WELLINGTON, May 16 (Reuters) - New Zealand forecast better growth, a return to surplus in two years and a lift in social spending in its annual budget on Thursday as the economy recovers from the global financial crisis.
The government had delivered “zero budgets” for the past two years, with no new spending, as it battled a weak growth outlook and a slide in its tax take.
But Finance Minister Bill English said the economy has perked up, and government finances were on a more sound footing to allow new spending.
“This year there has been a bit more room to move in the budget,” English told reporters.
The Treasury forecast a slightly bigger surplus in 2014/15, the long standing date for a return to the black, of NZ$75 million ($62 million) from NZ$66 million forecast in last December’s mid-year update.
The deficit for the current year to June 30 was cut to NZ$6.3 billion from a previous NZ$7.3 billion forecast, but the forecast deficit for the 2013/14 fiscal year was held steady at NZ$2 billion.
The Treasury revised up its growth for the year to March to 2.5 percent from 2.3 percent in the December update, but saw growth at 2.8 percent in March 2014 from 2.9 percent.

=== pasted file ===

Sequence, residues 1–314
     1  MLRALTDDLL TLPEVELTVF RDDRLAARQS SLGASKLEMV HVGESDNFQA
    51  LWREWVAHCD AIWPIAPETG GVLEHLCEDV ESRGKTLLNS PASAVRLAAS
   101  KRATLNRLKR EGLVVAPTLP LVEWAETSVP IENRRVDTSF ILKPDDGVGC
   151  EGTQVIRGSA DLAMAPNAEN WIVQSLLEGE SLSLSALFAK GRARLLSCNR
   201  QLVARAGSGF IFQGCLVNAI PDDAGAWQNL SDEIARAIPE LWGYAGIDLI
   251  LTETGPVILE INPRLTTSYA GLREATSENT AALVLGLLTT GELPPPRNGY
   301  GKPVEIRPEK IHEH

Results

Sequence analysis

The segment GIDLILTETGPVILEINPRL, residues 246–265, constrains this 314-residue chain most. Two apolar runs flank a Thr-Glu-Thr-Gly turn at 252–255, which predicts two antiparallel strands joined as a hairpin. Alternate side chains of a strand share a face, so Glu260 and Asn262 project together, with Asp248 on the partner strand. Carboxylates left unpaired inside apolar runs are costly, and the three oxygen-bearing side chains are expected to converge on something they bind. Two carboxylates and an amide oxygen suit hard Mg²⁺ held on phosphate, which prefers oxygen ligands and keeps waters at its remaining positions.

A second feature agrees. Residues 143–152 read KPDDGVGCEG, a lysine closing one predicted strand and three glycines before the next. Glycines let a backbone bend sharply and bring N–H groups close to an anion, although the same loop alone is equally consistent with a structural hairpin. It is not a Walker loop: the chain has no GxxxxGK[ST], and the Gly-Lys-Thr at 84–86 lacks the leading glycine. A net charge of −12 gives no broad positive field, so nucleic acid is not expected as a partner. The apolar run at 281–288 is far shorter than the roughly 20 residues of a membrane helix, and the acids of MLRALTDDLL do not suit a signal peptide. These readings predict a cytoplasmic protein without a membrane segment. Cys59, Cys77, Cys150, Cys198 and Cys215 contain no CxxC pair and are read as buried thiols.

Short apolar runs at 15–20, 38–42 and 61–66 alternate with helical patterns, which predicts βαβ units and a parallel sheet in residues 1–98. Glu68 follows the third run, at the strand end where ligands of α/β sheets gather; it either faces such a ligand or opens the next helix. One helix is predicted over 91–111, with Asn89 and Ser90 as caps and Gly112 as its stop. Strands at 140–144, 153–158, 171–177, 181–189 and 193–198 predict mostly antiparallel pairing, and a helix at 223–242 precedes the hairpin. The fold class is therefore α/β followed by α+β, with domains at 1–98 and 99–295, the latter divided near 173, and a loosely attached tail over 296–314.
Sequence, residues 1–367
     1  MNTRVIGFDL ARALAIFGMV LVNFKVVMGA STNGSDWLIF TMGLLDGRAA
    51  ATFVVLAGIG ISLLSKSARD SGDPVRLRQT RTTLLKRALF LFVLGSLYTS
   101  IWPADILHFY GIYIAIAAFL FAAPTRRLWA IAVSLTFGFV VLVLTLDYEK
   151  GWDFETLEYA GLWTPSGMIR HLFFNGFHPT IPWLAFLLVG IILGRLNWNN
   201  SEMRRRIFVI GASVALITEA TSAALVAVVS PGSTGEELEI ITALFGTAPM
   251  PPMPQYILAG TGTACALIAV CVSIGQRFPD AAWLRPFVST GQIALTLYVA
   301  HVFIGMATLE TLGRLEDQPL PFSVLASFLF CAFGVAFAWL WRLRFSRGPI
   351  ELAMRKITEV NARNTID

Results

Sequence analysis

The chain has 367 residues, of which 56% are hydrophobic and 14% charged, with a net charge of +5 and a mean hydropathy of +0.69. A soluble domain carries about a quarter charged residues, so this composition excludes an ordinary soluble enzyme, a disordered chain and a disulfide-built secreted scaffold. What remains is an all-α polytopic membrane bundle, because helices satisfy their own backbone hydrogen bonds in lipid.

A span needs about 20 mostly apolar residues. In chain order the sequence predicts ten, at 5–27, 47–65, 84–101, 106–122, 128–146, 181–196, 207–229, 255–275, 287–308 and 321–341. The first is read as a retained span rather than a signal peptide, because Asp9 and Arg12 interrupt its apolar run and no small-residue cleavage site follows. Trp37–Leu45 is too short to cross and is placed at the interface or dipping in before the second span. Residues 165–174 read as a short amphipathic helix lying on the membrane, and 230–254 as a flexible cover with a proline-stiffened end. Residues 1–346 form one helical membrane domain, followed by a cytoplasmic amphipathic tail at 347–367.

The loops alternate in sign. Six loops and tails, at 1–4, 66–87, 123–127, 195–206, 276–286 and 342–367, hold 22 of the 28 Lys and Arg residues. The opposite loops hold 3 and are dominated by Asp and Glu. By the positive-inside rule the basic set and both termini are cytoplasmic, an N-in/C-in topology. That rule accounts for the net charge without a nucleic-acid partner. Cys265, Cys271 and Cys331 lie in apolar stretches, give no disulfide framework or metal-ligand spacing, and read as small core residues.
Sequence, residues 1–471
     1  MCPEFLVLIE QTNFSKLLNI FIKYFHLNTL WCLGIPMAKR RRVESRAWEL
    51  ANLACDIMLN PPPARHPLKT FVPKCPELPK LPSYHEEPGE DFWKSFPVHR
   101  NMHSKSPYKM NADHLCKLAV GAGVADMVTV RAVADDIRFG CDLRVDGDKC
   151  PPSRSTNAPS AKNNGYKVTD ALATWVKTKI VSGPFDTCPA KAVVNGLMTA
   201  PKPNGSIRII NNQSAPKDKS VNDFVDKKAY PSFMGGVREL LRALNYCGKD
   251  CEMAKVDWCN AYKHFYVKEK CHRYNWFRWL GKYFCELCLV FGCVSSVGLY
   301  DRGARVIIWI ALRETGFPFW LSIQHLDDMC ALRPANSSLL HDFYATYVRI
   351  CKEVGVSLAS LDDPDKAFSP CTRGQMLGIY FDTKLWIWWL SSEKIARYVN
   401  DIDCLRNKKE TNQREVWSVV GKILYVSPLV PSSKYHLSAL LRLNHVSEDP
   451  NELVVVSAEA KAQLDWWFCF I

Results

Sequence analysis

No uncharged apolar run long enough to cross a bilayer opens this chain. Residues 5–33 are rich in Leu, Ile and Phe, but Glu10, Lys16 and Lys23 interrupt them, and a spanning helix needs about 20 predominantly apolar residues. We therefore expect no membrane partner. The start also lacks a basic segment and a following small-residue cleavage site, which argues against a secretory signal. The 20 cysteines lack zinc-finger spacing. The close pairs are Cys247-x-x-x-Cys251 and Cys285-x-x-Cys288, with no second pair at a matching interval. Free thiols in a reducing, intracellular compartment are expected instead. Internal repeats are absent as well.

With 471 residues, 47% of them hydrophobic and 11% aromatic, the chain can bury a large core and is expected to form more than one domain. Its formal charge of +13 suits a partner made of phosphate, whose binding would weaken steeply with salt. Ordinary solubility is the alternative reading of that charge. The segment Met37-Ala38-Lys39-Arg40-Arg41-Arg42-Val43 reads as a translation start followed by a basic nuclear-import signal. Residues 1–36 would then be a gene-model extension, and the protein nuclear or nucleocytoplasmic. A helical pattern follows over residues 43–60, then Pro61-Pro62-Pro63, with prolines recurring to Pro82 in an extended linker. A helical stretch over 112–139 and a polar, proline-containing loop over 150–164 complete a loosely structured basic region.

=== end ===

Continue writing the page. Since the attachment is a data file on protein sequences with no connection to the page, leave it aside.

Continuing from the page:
Government net debt is seen peaking at 28.7 percent of GDP in 2014/15, from an earlier forecast of 29.5 percent in the same year.
In December, the government reiterated the need for spending controls and cut growth forecasts as the economy went through a soft patch.
But data this year has shown a lift in business and consumer confidence, moderate growth in retail sales, building consents, record house prices, strong commodity prices, and a fall in unemployment.
English said NZ$900 million had been set aside for new spending in the coming fiscal year, although growth in later years has been limited to NZ$1 billion a year from NZ$1.2 billion previously advised.
The budget showed much of the increased spending was for housing, health, and education.
English confirmed that power company, Meridian Energy Ltd, valued at more than NZ$6 billion, would be the next state owned company to be partially privatised, with up to 49 percent to be sold in the second half of this year.
Reporting by Gyles Beckford; Editing by Lincoln Feast